A journal-topic-model browser

DH

I have pushed up a new version of dfr-browser, the d3-based topic-model browser I put together while working on topic-modeling journals from JSTOR. This version has more visualization options and a somewhat richer interface, thanks to bootstrap CSS.

Though I do hope others may be able to adapt the code to share and explore their own topic models, the main use of this project is to help me, and I hope others in the humanities/social sciences who are interested in this technique, to develop a stronger sense of what a topic model is and how it slices and dices a corpus of documents. For a fuller discussion of what dfr-browser does, see the new project page hosted on the handy-dandy Github Pages. Also part of the presentation is a demo of the tool, showing a (ragged though not totally uninteresting) 64-topic model of PMLA articles since 1889.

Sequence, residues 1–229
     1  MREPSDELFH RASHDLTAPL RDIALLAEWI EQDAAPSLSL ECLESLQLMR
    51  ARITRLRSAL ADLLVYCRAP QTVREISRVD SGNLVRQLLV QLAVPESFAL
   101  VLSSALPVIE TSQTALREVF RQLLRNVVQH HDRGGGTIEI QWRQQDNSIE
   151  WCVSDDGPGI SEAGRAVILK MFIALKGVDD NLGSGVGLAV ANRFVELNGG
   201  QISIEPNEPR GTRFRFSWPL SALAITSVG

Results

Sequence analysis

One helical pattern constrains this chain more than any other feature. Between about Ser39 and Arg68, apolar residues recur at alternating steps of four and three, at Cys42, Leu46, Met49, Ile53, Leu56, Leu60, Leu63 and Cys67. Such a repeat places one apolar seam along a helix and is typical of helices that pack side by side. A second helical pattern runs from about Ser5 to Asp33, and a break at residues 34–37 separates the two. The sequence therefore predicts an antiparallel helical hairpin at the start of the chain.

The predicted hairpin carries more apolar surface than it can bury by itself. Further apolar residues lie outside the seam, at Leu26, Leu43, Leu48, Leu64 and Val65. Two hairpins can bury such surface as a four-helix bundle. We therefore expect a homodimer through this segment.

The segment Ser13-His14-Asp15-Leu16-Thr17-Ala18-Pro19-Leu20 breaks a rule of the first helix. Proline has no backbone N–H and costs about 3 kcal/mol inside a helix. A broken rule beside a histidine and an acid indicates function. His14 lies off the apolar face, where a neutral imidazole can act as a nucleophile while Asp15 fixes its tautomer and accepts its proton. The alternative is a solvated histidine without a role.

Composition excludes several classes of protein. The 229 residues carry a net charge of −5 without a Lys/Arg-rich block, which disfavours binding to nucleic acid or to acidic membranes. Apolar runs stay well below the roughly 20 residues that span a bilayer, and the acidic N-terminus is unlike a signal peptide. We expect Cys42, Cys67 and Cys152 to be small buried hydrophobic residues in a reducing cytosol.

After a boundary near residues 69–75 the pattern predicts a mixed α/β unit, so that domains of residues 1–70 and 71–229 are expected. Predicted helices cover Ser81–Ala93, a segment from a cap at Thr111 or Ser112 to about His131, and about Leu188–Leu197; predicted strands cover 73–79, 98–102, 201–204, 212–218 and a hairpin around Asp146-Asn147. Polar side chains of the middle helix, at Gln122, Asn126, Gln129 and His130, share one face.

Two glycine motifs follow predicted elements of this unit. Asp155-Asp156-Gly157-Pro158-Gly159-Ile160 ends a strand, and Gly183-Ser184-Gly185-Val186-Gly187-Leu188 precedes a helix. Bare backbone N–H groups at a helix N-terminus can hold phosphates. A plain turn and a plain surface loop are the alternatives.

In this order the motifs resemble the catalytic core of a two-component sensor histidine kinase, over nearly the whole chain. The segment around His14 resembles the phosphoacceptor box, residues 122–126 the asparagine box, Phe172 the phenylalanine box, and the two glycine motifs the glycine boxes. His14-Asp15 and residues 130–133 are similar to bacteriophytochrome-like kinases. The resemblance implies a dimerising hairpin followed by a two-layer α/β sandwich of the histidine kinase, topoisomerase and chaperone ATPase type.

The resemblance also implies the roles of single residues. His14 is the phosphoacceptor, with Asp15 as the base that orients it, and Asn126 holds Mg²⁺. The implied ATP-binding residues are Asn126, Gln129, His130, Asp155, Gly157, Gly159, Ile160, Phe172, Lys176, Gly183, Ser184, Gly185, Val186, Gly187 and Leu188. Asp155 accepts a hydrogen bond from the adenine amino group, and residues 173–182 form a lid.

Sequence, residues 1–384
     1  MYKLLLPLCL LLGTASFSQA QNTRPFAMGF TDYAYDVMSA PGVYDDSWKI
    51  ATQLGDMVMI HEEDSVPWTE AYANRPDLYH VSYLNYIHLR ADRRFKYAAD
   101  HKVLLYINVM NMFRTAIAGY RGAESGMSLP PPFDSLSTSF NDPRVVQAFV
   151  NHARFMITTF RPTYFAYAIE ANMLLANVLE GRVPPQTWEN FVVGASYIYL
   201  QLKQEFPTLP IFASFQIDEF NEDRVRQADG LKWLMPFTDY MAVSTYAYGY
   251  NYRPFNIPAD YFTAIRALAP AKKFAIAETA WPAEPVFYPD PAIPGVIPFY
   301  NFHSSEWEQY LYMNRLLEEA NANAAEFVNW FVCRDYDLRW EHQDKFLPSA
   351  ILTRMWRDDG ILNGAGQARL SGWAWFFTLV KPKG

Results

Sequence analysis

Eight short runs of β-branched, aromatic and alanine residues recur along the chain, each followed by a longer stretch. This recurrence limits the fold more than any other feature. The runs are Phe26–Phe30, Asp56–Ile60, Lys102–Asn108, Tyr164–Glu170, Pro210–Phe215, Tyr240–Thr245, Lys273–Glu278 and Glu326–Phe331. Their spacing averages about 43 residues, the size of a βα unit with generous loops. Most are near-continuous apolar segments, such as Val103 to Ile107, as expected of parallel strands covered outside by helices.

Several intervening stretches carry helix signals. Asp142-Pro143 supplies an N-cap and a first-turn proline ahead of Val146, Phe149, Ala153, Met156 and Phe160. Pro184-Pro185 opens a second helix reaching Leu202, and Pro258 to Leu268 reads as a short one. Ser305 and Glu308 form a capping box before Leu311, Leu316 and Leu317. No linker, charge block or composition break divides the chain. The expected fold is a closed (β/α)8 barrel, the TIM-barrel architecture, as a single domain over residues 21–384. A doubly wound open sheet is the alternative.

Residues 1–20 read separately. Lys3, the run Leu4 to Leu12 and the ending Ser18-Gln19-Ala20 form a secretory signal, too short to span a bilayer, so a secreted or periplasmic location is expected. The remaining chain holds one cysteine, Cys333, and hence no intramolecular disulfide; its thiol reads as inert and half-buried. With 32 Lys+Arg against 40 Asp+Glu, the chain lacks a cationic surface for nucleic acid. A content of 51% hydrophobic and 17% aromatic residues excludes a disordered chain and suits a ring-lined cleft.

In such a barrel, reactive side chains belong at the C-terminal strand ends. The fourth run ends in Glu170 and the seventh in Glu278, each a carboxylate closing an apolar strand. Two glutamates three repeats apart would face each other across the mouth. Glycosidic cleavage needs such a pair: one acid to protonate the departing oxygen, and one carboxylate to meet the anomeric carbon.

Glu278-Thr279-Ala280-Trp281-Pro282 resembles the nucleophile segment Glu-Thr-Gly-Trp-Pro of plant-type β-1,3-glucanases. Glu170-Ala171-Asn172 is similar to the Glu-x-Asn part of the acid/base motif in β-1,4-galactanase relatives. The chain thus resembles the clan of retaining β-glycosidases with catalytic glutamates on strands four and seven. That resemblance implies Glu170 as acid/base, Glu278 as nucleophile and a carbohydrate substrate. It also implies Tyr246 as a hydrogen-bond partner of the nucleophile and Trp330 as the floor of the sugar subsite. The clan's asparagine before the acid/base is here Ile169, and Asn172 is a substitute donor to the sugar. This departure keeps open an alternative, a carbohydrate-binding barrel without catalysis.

d3 is kind of addictively fun, and goes very well with the game of writing Javascript as “Lisp in C’s clothing” (as Douglas Crockford says). I wouldn’t have done this at all, but for the pleasure I had working through Crockford’s Javascript: The Good Parts and Scott Murray’s introduction to d3, Interactive Data Visualization for the Web.